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Mareegta Far-Shaxan
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      Ubax Baan sidaa Most of Somaliland love songs appear contentious, almost the vain cry of unrequited love.
      In spite of their beautiful lyrics, they may sound monotonous.  Not this one!  I have searched this song for
       nearly twenty years for two reasons: it marks a crucial time in the history of Somaliland, and it
       departs from the antagonistic love abounding Somaliland songs. It is called “Dhambaal,” a message to
       a loving partner.  Some of the sounds and images may have never been expressed in public before and
       may have sprung over the boundaries of morality. However, that might be its very lure.  The song is
       simply a message addressing all that bind lovers.  Its amorous thrums reveal a healthy relationship
       between lovers. That profuse “ deaf woman” paradigm of male courting is humanized with sensual
       seductive, soothing strokes. The composer (Perhaps a woman) reaches out to a distant partner through
       Magool’s most melodious voice.  While this song might not have been to a man or even to someone in
       the gulf, its timing and message fit into a period of mass migration to the Middle East. After a
       severe draught pounded some of our regions, a mass exodus of our able men to the Arabian Peninsula
       occurred which was a double edge sword for our society in Somaliland. This song reverberates on the
       aftermath of a long brewing famine in the then northeastern regions of the Somali Democratic Republic
       that was hushed by the uncompassionate Southern government characteristic of governments that had
       ruled our land. Thousands of people and livestock perished within few months during which time, three
       high-level fact-finding government missions were visiting the area.  Two missions from the south
       denied there was any disaster.  The third delegate, who was from that region, called it a disaster of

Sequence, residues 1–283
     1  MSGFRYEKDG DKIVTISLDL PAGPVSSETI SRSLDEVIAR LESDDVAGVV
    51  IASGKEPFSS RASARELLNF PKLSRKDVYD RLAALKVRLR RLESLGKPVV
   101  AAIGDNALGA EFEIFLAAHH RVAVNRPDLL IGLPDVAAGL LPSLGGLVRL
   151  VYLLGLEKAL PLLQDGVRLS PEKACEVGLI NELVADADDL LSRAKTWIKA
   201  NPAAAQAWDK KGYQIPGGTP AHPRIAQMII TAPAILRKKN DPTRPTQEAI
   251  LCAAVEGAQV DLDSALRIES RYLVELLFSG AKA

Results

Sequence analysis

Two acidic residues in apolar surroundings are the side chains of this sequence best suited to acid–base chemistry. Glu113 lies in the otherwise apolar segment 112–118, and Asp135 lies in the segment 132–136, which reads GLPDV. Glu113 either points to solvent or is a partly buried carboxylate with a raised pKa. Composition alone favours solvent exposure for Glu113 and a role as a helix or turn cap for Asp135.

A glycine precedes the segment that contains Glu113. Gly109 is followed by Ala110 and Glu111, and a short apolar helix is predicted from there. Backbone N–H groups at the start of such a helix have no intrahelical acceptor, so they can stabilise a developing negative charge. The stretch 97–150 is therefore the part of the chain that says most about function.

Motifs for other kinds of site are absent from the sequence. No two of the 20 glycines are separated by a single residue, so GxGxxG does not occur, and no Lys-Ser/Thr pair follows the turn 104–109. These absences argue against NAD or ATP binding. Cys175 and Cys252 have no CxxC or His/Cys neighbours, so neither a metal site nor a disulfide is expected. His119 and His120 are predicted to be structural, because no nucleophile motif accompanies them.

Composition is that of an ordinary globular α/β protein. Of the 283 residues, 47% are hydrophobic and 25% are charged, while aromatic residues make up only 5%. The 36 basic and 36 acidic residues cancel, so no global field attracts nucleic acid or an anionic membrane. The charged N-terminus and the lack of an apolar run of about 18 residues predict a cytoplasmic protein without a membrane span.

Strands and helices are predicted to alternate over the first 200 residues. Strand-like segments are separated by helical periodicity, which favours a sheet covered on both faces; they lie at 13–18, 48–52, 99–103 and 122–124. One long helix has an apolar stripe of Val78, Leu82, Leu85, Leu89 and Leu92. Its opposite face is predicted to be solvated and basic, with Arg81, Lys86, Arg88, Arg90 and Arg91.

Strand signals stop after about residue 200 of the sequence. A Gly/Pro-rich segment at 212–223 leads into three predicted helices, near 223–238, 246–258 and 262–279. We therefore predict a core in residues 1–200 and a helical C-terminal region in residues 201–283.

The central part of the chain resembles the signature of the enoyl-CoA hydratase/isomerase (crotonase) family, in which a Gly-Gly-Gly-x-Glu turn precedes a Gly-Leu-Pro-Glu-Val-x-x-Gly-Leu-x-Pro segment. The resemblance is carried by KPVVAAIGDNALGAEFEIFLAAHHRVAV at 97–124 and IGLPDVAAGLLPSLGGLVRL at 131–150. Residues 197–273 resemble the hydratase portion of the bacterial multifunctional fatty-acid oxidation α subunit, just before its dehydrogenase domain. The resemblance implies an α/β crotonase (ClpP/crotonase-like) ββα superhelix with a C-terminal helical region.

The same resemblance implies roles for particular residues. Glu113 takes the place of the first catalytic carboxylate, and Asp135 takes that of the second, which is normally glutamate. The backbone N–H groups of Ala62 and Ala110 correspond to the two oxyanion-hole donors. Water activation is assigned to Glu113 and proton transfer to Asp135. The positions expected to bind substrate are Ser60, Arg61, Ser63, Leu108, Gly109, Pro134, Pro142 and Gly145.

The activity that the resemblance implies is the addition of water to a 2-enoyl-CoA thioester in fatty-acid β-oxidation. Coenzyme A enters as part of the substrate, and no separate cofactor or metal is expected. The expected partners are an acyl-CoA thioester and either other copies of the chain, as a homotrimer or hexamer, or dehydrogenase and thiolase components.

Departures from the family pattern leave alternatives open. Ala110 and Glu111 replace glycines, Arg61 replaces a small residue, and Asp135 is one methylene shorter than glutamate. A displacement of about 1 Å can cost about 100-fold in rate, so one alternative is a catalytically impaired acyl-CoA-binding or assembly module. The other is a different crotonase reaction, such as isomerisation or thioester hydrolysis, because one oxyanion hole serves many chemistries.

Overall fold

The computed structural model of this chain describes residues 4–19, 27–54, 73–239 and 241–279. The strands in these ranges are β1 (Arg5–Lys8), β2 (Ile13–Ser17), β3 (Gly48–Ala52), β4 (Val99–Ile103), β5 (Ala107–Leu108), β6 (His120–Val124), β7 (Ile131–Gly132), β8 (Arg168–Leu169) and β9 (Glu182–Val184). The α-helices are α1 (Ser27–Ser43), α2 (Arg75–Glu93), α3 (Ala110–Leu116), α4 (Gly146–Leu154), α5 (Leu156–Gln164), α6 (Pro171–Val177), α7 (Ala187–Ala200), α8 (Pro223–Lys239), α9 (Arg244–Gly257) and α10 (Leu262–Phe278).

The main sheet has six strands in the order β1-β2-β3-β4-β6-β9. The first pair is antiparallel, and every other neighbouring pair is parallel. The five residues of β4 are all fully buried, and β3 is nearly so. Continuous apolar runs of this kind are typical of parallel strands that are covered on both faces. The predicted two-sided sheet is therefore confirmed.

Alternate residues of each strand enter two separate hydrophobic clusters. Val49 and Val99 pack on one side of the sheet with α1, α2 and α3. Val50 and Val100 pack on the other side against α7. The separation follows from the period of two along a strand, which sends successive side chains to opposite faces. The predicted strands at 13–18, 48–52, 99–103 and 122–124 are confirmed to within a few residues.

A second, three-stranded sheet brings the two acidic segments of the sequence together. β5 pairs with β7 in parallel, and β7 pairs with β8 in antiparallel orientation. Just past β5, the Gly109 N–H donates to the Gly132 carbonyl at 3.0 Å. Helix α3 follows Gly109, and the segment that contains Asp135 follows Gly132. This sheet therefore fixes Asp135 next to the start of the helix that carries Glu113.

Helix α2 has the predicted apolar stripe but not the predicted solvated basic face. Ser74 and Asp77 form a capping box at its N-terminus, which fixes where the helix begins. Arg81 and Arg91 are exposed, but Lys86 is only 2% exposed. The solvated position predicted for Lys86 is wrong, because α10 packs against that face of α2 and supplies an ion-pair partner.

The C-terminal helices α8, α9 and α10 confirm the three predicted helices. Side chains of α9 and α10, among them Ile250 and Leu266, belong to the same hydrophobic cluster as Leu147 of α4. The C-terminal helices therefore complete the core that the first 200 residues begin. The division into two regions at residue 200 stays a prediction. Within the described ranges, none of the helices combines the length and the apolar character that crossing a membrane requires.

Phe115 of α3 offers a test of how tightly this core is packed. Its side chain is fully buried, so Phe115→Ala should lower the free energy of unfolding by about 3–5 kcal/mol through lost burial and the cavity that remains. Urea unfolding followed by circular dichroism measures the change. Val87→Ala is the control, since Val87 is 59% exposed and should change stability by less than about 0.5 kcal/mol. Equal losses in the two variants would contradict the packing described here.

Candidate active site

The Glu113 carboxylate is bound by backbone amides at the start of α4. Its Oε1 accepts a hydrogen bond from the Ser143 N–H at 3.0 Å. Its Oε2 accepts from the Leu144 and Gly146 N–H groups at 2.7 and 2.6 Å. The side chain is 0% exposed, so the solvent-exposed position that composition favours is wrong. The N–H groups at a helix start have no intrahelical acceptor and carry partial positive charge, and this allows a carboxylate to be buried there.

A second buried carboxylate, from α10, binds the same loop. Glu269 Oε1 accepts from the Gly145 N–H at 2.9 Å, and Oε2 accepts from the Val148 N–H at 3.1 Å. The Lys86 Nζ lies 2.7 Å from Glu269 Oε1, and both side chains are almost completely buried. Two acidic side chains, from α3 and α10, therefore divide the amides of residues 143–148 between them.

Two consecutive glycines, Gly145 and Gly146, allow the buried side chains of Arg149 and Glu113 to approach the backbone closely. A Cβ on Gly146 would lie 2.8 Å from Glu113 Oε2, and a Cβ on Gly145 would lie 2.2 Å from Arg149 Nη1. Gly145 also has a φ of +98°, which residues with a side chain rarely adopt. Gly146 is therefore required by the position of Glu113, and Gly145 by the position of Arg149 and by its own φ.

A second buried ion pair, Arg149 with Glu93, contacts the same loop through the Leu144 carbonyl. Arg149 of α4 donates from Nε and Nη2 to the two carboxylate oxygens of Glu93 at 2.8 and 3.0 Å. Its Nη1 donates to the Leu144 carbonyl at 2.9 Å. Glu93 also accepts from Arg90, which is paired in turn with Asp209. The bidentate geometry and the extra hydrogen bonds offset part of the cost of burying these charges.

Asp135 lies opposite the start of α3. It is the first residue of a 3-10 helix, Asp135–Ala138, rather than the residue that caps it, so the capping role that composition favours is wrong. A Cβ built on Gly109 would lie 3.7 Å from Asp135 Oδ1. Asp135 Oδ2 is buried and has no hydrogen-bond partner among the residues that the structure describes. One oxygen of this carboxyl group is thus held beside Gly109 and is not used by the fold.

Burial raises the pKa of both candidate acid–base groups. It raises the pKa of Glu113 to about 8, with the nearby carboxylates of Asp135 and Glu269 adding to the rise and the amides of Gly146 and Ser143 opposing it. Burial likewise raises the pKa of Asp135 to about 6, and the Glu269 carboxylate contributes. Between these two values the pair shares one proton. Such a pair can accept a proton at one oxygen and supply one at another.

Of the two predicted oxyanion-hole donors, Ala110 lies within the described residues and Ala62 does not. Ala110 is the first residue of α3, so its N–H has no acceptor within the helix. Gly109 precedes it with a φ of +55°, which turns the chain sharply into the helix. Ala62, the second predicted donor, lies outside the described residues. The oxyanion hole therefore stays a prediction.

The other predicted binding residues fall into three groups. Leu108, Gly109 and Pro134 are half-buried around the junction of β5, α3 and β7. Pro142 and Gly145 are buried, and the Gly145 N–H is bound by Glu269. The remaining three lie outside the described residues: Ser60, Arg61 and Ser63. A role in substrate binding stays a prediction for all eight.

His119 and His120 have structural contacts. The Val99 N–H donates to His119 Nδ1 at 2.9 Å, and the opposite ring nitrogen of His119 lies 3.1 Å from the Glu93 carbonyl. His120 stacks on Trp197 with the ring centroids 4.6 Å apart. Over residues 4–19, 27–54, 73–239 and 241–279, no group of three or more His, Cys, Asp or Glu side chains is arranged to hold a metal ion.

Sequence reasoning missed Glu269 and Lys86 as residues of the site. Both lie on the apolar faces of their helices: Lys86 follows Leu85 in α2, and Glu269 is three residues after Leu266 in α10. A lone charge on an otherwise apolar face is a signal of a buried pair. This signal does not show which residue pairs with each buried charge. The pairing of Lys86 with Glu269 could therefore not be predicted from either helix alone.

immense magnitude. He announced his plea over the BBC Somali Service asking the United Nations and
       the international world for immediate intervention.  For the next few years, UNICEF and other UN
       agencies airlifted thousands of people and livestock from north to the southern river bands.  Famine
       survivors met with new local disaster: diseases unknown to the semi arid dwellers of Somaliland
       killed half of the famine survivors.  In that harvesting transition, Schistosomiasis and Bilharzia
       claimed many more lives.  In order for our displaced people to return home, Somaliland men and youth
       labored under the severe conditions in the gulf. Arabian money had saved millions of families whose
       sustenance came from the gulf but that departure was also the first time our women and children were
       left unprotected from Siad Barre’s mercenaries. He seized the chance to install his systematic
       genocide.  Therefore, while this song marks one aspect of Siad Barre’s apartheid rule, it also
       departs from the regular Petrarchan love for “Laura”. The composer is no Laura.  S/he could be a real
       person who reveals his/her feelings unrestrained and conveys not only her/his love, but fear as well.
       This song, sung by Magool, one of Somalia’s diva has not come about as just another song.  It is the
       outpouring passion of an ordinary partner to another. The song though erotic plays on neutral
       language that obscures the gender of speaker and listener. Great literature, we suppose, has
       universal appeal and must mimic reality.  This song enmeshes self and other through imagination.
       What is that resounding echo? Do we hear the voice of a man or a woman? Or both? If great literature
       transcends the mundane, The songwriter, like John Keats, eliminates the distance between them in a
       blur. If indeed, the composer is a woman, Her ingenious mind shrouds her candor in the neutrality of
       language thus mitigates any outrage from the audience. Poetic ambiguity is one of highest literary
       forms and must have been a clever and careful manipulation in a gender specific language like Somali.
       Dhambaal’s linguistic intrigue does not end here.  The glottal consonant “H” combined with open and
       closed vowels creates all kinds of emotions in the poem. It invite and responds, coos and cuddles.